Environmental experts have expressed "frustration" at funding issues which have held up tests for radioactive particles on the Solway coast.
Sellafield Ltd is in talks about its monitoring programme
The Scottish Environment Protection Agency hoped to test for pollution from Cumbria's Sellafield plant in August.
However, it has been unable to secure full funding from the agencies responsible for the English site.
A spokesperson for Sellafield Ltd said it was in talks about whether it needed to extend its monitoring arrangements.
The Nuclear Decommissioning Authority - which owns the site - has offered to meet 60% of the £100,000 costs.
Sepa has approached Sellafield Ltd - which runs the plant - to meet the funding shortfall but without success.
The environmental group's radioactive monitoring expert Dr Paul Dale said he believed these additional checks were necessary.
Earlier this year Sepa was alerted by its English counterpart - the Environment Agency - about an increase in the number of radioactive particles on beaches in North Cumbria.
It wants to check for any similar problems in Scotland and has identified sites at Powfoot, Southerness and Kirkcudbright to carry out the tests.
Mr Dale said it was import to assess if there was "any identified risk to public health and the environment from any Sellafield-originated radioactive particles".
Sepa wants to carry out additional checks on the Solway
"To enable this, we had all the essential preparation completed by early August, so our contractors could begin later that month," he said.
"However, due to funding issues, this has not been possible, and Sepa is frustrated that these funding issues have continued to delay this necessary work."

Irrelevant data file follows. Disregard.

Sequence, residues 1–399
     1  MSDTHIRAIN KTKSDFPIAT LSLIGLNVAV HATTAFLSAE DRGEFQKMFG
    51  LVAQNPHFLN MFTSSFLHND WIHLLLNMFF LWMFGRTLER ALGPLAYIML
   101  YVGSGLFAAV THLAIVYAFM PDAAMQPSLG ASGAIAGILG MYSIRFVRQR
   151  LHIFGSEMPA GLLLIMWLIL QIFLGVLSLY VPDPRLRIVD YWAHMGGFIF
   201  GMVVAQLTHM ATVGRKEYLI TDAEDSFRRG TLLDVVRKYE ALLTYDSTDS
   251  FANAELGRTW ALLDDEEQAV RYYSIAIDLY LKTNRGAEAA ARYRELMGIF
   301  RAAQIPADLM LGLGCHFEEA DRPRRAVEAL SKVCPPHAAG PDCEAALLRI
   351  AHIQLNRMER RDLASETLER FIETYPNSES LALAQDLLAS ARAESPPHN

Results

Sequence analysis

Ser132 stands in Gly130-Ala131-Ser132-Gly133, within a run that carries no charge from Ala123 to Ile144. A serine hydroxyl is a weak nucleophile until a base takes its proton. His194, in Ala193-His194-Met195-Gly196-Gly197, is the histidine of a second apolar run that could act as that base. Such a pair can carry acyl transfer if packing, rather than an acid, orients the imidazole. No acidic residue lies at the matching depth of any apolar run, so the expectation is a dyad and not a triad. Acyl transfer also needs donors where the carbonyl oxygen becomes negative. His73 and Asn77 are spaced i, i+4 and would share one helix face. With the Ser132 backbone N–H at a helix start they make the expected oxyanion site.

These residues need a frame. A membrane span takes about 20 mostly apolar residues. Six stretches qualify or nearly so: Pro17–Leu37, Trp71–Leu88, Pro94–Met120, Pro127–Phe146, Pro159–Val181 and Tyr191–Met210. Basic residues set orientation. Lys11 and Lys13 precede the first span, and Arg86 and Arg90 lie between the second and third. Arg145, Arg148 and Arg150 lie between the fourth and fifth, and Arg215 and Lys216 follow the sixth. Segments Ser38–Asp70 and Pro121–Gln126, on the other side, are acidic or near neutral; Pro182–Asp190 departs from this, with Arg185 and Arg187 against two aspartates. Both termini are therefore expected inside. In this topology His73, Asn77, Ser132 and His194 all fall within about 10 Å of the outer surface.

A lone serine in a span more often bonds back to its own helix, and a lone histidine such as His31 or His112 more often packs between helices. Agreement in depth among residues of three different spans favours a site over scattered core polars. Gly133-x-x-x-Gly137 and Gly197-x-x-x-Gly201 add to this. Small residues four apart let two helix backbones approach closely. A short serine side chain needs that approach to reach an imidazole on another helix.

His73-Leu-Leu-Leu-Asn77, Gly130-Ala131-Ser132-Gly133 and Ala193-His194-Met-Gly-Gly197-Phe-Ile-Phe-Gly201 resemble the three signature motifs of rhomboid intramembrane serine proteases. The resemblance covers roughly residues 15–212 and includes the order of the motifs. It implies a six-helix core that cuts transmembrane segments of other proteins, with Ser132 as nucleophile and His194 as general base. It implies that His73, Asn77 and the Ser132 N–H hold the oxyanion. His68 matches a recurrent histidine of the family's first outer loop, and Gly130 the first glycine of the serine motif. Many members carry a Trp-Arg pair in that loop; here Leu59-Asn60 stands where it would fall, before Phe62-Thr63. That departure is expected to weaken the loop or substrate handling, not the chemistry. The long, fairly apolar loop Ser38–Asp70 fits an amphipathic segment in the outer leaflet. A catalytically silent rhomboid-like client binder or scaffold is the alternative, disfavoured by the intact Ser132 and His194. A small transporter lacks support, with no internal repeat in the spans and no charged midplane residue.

Dr Dale said that radioactive monitoring was funded under the "polluter pays" principle.
He said Sepa was working with the EA to try to force Sellafield Ltd to meet the funding requirement.
"The important point is that monitoring should not be delayed further, and any risks identified are assessed," he said.
An NDA spokesman stressed that regular monitoring already took place in the area due to the proximity of the Chapelcross plant in Annan.
"What they are talking about is using a particular type of vehicle," he said.
"This is extra monitoring on top of the normal monitoring we have conducted."
He confirmed that the group had offered £60,000 towards the total costs of the monitoring.
A spokesperson for Sellafield Ltd said it was currently in talks about the situation.
"Sellafield Ltd carries out a comprehensive annual monitoring programme in line with that which is required by our regulators," she said.
"We are currently in discussions with the EA as to whether there will be an extension to this programme."